Hartford was booming again by 1895. After years of stagnation, its grand list grew by 7% in one year, and by 1900 it rose 30%. These greatly improved economic conditions fueled a strong demand for new housing, particularly for the ever expanding and emerging middle class. In 1889, the extension of trolley lines along Farmington Avenue, westward from the center of Hartford to West Hartford, made the West End area attractive for growth. The district developed thereafter with remarkable speed, led by developers such as William and Albert Scoville, Frederick Rockwell, J.W. Eldridge and others. The 1896 Hartford city directory not surprisingly lists a number of men in "real estate" as either owners of land in the district or as residents. Middle-class families of varying means bought homes in the neighborhood. Horace W. Fox, president of the Capitol City Lumber Company, owned a large house on Warrenton Avenue; probate judge Harrison Freeman lived on Prospect Avenue; Gerald H. Brown, a clerk, owned the house at 56-58 Oxford Street; and Lucy A. Barbour, whose father was the first owner of the c.1875 house at 172 Beacon Street, operated "Miss Barbour's School for Girls" at that same address in 1896. Oxford and Beacon Streets by then were almost completely built up, as were Farmington and Prospect Avenues. The number of lots still owned by banks, such as the Mechanics Savings Bank, attested to the foreclosures that had plagued the district in earlier years.
The district continued to develop rapidly thereafter, and it also reflected in its residents the growing ethnic diversity of the city, especially of its middle class. By 1909, few open lots remained. Prominent residents at that time included Moses Fox, one of Hartford's leading retailers and president of the G. Fox & Company, the city's largest department store, who lived at 534 Prospect Avenue. The bulk of the residents were solidly middle class; for example, Harris Burr, the owner/occupant of 49-51 Tremont Street in 1909, was a credit manager at Pope Manufacturing Company. A few Irish families lived in the district in 1909, and by 1920 men such as Leon Greenberg, a wine importer; John Pappas, a candy retailer; and Antonio DeLorenzo, owner of several theaters, were residents.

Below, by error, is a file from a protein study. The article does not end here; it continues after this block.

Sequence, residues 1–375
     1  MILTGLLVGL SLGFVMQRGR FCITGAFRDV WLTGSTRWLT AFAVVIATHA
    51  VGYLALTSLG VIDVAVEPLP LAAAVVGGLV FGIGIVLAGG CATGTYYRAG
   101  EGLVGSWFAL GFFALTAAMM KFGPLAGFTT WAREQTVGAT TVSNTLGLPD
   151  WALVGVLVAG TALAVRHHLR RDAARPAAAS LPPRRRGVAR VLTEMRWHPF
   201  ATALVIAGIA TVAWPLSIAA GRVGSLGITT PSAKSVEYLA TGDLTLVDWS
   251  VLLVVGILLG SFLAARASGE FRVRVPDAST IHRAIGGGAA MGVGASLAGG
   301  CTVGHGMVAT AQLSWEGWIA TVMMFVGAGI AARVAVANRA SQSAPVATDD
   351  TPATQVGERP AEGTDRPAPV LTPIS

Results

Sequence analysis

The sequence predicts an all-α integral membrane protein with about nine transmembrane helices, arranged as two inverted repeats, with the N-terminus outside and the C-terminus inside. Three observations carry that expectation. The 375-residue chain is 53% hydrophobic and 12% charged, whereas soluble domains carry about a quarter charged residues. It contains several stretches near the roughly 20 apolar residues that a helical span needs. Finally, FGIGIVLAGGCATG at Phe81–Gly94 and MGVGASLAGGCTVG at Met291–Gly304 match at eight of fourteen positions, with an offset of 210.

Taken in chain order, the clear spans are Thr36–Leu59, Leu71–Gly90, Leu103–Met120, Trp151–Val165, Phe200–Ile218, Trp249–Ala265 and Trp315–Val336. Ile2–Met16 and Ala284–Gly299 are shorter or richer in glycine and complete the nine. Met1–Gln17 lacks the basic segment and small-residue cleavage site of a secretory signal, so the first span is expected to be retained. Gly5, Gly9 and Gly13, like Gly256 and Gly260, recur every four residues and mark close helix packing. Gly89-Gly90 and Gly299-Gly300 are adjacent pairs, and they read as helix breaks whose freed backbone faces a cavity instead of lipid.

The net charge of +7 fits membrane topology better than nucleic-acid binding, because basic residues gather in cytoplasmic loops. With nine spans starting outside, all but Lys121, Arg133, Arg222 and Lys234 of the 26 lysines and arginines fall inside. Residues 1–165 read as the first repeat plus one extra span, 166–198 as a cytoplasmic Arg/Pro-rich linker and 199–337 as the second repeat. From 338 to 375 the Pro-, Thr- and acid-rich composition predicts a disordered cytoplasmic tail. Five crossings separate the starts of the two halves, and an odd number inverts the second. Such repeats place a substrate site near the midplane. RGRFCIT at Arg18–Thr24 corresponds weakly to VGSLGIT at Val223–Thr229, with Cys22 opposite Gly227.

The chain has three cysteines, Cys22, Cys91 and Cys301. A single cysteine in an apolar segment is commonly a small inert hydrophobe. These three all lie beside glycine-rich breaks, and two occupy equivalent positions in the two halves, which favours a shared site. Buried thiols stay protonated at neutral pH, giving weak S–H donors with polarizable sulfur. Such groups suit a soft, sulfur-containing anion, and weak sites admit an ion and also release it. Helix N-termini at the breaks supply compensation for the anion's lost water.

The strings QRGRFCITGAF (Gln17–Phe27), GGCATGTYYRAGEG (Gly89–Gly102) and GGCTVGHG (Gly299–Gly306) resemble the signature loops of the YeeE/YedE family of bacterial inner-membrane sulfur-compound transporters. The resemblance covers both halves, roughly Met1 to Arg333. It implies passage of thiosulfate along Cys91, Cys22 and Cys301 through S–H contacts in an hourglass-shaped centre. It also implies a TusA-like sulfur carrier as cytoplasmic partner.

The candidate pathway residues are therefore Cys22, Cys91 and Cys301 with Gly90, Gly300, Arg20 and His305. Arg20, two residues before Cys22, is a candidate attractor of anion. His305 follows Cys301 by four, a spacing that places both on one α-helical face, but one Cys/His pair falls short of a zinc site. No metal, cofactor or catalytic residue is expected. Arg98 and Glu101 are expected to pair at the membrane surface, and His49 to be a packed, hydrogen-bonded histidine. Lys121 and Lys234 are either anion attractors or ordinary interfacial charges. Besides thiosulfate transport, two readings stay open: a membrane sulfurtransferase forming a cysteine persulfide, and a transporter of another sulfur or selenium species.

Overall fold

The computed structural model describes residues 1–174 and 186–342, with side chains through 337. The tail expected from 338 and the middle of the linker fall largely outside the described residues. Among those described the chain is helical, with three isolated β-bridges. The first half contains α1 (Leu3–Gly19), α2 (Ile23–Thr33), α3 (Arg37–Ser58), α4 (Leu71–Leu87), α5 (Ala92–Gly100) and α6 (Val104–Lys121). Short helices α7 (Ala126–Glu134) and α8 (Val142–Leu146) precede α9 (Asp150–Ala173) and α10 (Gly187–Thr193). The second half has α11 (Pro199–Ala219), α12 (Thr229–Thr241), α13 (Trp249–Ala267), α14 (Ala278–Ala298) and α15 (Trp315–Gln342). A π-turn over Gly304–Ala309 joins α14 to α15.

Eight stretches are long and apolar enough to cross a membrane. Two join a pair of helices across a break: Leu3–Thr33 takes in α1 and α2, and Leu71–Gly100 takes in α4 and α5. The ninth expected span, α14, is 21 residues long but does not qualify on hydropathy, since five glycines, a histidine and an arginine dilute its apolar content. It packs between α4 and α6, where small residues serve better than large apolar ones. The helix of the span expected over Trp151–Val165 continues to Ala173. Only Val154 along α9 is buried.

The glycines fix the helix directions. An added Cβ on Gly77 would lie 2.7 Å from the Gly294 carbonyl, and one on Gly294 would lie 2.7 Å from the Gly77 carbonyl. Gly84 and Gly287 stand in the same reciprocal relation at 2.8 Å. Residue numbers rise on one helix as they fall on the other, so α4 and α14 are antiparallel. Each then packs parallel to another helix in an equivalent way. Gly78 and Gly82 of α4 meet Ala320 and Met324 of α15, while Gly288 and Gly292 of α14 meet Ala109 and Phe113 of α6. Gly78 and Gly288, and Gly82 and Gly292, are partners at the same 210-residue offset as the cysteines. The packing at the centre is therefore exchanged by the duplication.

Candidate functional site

Despite many changes during this century, the West End South Historic District is virtually intact. By the late 1960s, the age of these houses and deferred maintenance began to take their toll. A number of buildings fell into disrepair and some were converted to multiple-units. In the past 5 to 10 years, however, the West End South Historic District has begun to turn around and its appearance has improved.
Atlas of the City of Hartford/ Springfield, Massachusetts: L.J. Richards & Company, 1896.
Atlas of the City of Hartford, Springfield, Massachusetts: L.J. Richards & Company, 1909.
Atlas of Hartford City and County, Hartford: Baker & Tilden, 1869.
City Atlas of Hartford, Connecticut, Philadelphia: G.M. Hopkins, 1880.
Close, F. Perry, History of Hartford's Streets, Hartford: The Connecticut Historical Society, 1969.
Encyclopedia of Connecticut Biography, New York: The American Historical Society, 1917, vol.4, p.177 (biography of William H. Scoville).
Geer's Hartford City Directories, Hartford: Elihu Geer, 1869, and The Hartford Printing Company, 1886-1905 and 1920.
The Hartford Daily Courant, July 9, 1896, 8:5 (obituary of William B. Smith), and July 20, 1919, 15:4 (obituary of Burdett Loomis).
Insurance Maps of Hartford, Connecticut, New York Sanborn Map Co., 1920
Kummer, Merle E., Hartford Architecture, volume 3: North and West Neighborhoods, The Hartford Architecture Conservancy, 1978.
McAlester, Virginia and Lee, A Field Guide to American Houses, New York: Alfred A. Knopf, Inc., 1984.
Ransom, David F., "The Scovilles, Hartford's Master Builders of the 1890s," manuscript dated August 30, 1981 and on file at the Stowe-Day Foundation Library, Hartford, Connecticut.
Weaver, Glenn, Hartford — An Illustrated History of Connecticut's Capital, Woodland Hills, California: Windsor Publications, Inc., 1982
‡ Gregory Andrews &l David Ransom, The Hartford Architecture Conservancy and John Herzan, Connecticut Historical Commission, West End South Historic District, Hartford, CT, nomination document, 1984, National Park Service, National Register of Historic Places, Washington, D.C.
Beacon Street • Farmington Avenue • Oxford Street • Prospect Avenue • Regent Street • Tremont Street • Warrenton Avenue • West Boulevard